On the final day of the 3rd World Parkinson Congress, there were many more scientific and educational sessions. Roving reporter and PDF Research Advocate Ronnie Wanetick of Walnut Creek, CA, provided summaries of a few sessions she attended.
From Ronnie: Today, I went to several different sessions. I will try to sum up what was said!
- First, several sessions talked about patient empowerment. Overall, people with Parkinson’s need to feel more empowered and to feel encouraged to be full partners in their care alongside their neurologists. In Canada, many centers emphasize participatory medicine, which uses feedback from the patient and physician along with a team of occupational, physical and speech therapists to monitor a person’s health and together make any changes needed to his or her care.
- Second, I was part of a circle in the WPC’s Clinical Trials Village that discussed how to improve clinical trials. Some participants mentioned that after participating in clinical trials, they were never informed of the end results! I mentioned that more people with Parkinson’s would volunteer for trials if transportation was available. (PDF’s PAIR program has also looked at this issue, see the poster on transportation and clinical trials here.)
- Third, I went to a lecture in deep brain stimulation (DBS) which discussed the possibility of performing the surgery earlier on in Parkinson’s than is presently is the norm. The faculty mentioned that if DBS could be used on people with young onset Parkinson’s (those who develop it before age forty), it may help those people to continue working longer and to be economically more secure. This is currently under investigation. There are also trials going on currently on improving DBS techniques. The presenters emphasized that people with Parkinson’s who are interested and qualify for DBS should go to a center that is very experienced in the surgery, one that ideally performs several DBS surgeries each week.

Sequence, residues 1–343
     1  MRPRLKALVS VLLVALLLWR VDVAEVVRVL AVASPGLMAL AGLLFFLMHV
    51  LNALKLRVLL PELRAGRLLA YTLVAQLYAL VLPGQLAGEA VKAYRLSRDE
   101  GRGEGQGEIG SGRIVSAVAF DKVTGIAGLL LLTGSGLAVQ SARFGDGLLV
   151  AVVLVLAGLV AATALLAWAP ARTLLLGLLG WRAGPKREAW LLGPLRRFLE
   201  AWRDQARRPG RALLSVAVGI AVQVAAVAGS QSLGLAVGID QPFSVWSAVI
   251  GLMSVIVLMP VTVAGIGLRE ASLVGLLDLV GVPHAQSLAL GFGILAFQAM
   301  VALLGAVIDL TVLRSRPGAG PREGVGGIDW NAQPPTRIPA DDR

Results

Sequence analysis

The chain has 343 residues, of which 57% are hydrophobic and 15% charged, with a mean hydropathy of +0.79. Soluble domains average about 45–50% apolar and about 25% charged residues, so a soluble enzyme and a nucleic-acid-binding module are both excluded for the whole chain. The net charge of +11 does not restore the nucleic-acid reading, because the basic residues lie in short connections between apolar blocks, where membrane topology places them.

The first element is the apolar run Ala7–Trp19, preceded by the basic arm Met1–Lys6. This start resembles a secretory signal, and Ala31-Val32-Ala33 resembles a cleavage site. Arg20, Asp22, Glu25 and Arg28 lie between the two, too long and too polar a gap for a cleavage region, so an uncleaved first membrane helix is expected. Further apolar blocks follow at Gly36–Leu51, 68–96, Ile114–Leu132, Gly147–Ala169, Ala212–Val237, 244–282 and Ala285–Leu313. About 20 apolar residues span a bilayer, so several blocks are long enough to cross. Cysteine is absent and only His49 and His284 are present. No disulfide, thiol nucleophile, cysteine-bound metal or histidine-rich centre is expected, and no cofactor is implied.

- Finally I heard two psychiatrists discuss the prevalence of depression, anxiety, and apathy in people with Parkinson’s. They mentioned that almost 50 percent of people with Parkinson’s have had depressive bouts in the five years before a diagnosis of PD is made! It is important to know which of the three is prevalent, because optimum treatment varies for each symptom. Cognitive behavior therapy, or CBT, along with certain medicines, can be key to relief. CBT helps people to change thoughts and behaviors that are unhelpful, and to replace them with more positive thoughts and activities.
Throughout many sessions, exercise was mentioned as essential to optimizing daily life.
The day ended and the WPC Congress was over, not to start again until 2016. I leave with a new depth of information and great appreciation for all the wonderful people I was fortunate to come in contact with. For now, “that’s all folks!’
Ronnie is a PDF Research Advocate. To learn more about becoming an advocate and what they do visit www.pdf.org/pair.